Inter-company financing: beware of non-deductible interest
Inter-company financing: non-deductible interest
Avoid that interest is not deductible by the debtor and is taxed at creditor. These are expensive loans. A recent decision made clear that repairing the loan terms retrospectively does not always work.
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In a recent court decision the interest paid by the subsidiary was not deductible. The shareholder / creditor tried to change the loan terms in such a way they thought the interest income would be tax free. The court disagreed with the shareholder with double taxation as a result: the interest was taxable income.
What is the background?
Interest is not always deductible. Think of rules like thin capitalization or profit drainage - skimming profits by charging interest (no interest deduction for certain 'tainted' transactions). By legislation or case law a finance can be qualified as loan or equity. If the debtor and creditor are in two different countries, this is an opportunity to avoid taxation (double dip) or threat for double taxation.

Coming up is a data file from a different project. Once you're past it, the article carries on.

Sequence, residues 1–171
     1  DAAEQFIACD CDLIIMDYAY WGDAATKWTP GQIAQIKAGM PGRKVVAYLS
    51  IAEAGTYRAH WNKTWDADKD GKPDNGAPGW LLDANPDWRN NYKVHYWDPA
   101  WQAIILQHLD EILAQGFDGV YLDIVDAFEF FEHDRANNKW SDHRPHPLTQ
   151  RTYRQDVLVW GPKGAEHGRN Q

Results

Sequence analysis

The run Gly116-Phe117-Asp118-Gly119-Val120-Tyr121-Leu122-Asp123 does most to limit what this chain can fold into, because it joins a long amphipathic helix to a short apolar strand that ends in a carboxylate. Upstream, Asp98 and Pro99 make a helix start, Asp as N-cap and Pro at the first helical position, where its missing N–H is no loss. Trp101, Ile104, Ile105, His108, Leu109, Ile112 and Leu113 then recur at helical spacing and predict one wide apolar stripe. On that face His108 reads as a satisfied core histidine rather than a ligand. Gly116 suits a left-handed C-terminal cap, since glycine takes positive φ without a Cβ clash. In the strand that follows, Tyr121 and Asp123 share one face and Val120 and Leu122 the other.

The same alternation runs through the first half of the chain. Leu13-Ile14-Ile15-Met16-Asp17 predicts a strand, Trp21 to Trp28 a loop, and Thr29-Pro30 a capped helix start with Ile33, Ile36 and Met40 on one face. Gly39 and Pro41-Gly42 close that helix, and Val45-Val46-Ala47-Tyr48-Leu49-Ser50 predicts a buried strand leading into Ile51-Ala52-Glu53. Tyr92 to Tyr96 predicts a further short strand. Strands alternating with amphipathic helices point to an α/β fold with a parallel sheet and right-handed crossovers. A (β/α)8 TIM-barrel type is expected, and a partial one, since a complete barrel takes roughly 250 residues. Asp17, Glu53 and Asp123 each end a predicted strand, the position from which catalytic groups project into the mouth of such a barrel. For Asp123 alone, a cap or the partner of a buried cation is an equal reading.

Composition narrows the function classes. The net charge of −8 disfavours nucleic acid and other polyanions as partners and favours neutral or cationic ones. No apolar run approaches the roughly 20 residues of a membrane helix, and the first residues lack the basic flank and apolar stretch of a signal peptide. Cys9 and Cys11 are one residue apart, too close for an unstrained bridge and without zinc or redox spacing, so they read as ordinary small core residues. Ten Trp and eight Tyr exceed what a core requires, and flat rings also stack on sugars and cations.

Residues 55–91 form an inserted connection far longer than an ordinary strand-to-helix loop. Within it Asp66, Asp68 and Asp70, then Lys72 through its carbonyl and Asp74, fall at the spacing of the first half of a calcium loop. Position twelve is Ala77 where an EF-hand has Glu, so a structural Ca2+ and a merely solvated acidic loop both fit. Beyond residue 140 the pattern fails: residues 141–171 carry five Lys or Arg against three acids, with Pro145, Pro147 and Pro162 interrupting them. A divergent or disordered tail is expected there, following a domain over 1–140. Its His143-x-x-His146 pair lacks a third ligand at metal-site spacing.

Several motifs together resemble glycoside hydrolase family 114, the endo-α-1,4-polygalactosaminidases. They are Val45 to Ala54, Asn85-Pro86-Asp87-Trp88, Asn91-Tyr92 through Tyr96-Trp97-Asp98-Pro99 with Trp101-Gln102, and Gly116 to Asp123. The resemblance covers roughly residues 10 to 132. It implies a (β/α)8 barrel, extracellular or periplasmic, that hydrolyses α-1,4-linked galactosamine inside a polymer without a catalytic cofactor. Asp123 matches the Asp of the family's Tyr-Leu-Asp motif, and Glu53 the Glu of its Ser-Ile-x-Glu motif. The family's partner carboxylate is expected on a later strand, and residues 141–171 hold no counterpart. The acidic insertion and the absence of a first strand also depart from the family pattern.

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What does this mean for our relationships?
The terms of inter-company loans have to be drafted carefully, since the result may be that the interest paid is not deductible and the interest received is taxed. By changing the terms, you can achieve that interest: 1) is not taxed and is not deductible; 2) taxed and deductible; 3) or the best: not taxed and deductible (this only works in an international context)
Check in advance or interest is not deductible and if so what needs to be done.
Change the loan terms so that interest is deductible.
Or change the financing terms so that it qualifies as equity or as a loan that qualifies as equity. As a consequence the finance income is exempt (participation exemption).
To the extent possible and desirable: finance not internally but externally.